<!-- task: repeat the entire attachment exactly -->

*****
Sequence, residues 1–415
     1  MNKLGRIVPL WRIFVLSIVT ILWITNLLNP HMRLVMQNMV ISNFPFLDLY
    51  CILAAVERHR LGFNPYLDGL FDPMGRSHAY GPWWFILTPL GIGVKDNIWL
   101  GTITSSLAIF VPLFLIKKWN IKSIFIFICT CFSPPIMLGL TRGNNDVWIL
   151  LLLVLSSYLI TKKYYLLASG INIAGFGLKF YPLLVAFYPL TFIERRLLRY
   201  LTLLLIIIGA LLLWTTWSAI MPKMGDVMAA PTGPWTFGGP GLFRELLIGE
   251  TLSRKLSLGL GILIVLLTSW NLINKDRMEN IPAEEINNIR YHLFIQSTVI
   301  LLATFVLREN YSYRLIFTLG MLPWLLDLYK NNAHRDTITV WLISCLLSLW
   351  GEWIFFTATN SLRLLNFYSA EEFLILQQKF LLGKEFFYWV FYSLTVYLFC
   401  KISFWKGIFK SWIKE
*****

Sequence, residues 1–415
     1  MNKLGRIVPL WRIFVLSIVT ILWITNLLNP HMRLVMQNMV ISNFPFLDLY
    51  CILAAVERHR LGFNPYLDGL FDPMGRSHAY GPWWFILTPL GIGVKDNIWL
   101  GTITSSLAIF VPLFLIKKWN IKSIFIFICT CFSPPIMLGL TRGNNDVWIL
   151  LLLVLSSYLI TKKYYLLASG INIAGFGLKF YPLLVAFYPL TFIERRLLRY
   201  LTLLLIIIGA LLLWTTWSAI MPKMGDVMAA PTGPWTFGGP GLFRELLIGE
   251  TLSRKLSLGL GILIVLLTSW NLINKDRMEN IPAEEINNIR YHLFIQSTVI
   301  LLATFVLREN YSYRLIFTLG MLPWLLDLYK NNAHRDTITV WLISCLLSLW
   351  GEWIFFTATN SLRLLNFYSA EEFLILQQKF LLGKEFFYWV FYSLTVYLFC
   401  KISFWKGIFK SWIKE